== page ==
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Stromal peeling for deep anterior lamellar keratoplasty in post-penetrating keratoplasty eyes

Abstract

Background/aims To evaluate the clinical outcomes of deep anterior lamellar keratoplasty performed by stromal peeling in eyes that have previously undergone penetrating keratoplasty (PK) for keratoconus.

Methods Standardised stromal exchange included (1) 9 mm trephination of the recipient bed outside the old PK wound, (2) creation of a partial anterior corneal flap through lamellar dissection across the PK wound, (3) opening the stromal component of the old PK wound using blunt-tipped Vannas scissors until a plane of separation is reached, (4) severing the attachment of the PK surgical scar from the recipient host, (5) peeling the stroma of the PK graft from the underlying tissue and (6) suturing the donor anterior corneal lamella prepared by microkeratome dissection (450 µm depth, 9 mm diameter). Main outcome measures were success rate, best spectacle-corrected visual acuity (BSCVA) and endothelial cell loss (ECL).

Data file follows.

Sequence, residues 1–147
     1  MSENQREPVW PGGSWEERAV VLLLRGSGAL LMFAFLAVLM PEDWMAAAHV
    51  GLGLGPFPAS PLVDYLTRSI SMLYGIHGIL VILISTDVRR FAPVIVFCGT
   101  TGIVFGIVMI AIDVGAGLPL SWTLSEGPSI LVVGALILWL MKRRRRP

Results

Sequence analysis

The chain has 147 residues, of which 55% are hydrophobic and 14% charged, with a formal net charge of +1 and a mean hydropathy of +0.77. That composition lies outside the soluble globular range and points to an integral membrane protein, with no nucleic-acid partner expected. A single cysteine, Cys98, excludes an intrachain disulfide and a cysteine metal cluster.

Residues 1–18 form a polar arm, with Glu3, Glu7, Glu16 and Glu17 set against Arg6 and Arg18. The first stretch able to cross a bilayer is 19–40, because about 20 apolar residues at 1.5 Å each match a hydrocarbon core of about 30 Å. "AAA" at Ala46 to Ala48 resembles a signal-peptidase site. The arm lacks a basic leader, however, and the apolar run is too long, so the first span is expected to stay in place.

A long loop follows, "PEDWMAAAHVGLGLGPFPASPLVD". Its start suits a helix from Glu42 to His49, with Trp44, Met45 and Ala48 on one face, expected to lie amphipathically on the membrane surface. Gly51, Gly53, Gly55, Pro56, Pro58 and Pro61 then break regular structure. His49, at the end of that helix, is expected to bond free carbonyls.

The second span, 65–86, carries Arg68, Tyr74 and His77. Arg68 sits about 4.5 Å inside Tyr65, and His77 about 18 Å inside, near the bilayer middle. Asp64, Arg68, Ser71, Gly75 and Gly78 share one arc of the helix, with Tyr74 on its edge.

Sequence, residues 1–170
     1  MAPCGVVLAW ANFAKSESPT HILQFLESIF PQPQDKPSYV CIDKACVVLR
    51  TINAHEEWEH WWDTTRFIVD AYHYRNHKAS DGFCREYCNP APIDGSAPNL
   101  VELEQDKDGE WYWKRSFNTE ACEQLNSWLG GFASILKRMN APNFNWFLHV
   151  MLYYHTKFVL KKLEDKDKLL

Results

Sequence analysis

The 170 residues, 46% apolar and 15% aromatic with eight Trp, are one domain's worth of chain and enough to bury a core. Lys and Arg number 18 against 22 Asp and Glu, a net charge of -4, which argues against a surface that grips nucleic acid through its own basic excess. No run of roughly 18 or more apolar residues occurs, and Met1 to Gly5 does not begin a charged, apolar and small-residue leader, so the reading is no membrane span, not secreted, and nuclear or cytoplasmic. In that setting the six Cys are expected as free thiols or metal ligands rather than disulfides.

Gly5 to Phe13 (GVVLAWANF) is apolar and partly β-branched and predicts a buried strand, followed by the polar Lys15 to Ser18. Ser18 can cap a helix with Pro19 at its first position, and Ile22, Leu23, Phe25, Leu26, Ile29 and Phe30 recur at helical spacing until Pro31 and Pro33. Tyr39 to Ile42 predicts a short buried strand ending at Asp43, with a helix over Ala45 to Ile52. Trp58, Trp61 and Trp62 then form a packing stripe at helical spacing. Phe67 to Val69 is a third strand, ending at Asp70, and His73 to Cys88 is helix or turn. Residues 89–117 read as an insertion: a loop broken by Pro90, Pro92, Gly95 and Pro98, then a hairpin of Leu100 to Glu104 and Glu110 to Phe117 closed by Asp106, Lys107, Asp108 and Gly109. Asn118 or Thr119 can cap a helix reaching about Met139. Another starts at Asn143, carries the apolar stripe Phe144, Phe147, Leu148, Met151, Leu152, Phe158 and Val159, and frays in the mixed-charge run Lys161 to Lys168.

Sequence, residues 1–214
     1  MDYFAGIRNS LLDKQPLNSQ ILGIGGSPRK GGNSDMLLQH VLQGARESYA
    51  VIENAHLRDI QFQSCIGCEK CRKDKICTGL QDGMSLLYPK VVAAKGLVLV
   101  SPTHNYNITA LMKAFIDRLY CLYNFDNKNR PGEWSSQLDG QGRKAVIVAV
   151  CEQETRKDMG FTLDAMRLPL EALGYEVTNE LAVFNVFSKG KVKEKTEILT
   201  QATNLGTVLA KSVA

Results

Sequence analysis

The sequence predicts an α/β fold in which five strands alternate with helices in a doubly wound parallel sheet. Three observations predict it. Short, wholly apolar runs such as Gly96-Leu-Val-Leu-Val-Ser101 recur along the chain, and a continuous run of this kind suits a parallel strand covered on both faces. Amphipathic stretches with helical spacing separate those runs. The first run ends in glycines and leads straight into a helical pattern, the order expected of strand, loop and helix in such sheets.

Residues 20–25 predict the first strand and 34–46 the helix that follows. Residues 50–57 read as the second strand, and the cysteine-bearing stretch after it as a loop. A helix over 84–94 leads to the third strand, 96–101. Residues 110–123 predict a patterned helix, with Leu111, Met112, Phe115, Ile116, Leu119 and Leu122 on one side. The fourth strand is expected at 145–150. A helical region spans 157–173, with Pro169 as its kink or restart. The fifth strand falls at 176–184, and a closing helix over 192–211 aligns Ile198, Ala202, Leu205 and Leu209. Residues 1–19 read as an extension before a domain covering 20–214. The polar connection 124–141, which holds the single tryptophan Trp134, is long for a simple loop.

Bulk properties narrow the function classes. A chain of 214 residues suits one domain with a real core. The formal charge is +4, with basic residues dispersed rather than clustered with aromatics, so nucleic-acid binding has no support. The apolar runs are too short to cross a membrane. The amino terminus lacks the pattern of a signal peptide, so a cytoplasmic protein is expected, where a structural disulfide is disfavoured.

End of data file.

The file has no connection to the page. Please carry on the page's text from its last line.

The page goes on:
Results Of 21 post-PK eyes, stromal exchange succeeded in all but three cases, which were converted to a two-piece mushroom PK. After complete suture removal, mean BSCVA significantly improved from 0.95±0.39 logMAR preoperatively to 0.23±0.17 logMAR (p<0.001). Mean ECL was 5.4±23.2%. Double anterior chamber formation occurred in eight cases (44%), which all resolved after a single re-bubbling.

Conclusion In post-PK eyes, stromal exchange can be performed by means of simple peeling without deep anterior lamellar dissection of the previous PK graft. Large-diameter (9 mm) repeat keratoplasty through stromal peeling yields excellent visual outcomes and minimal ECL. Double anterior chamber formation may complicate the postoperative course, but prompt intervention allows successful management.

  • cornea
  • treatment surgery

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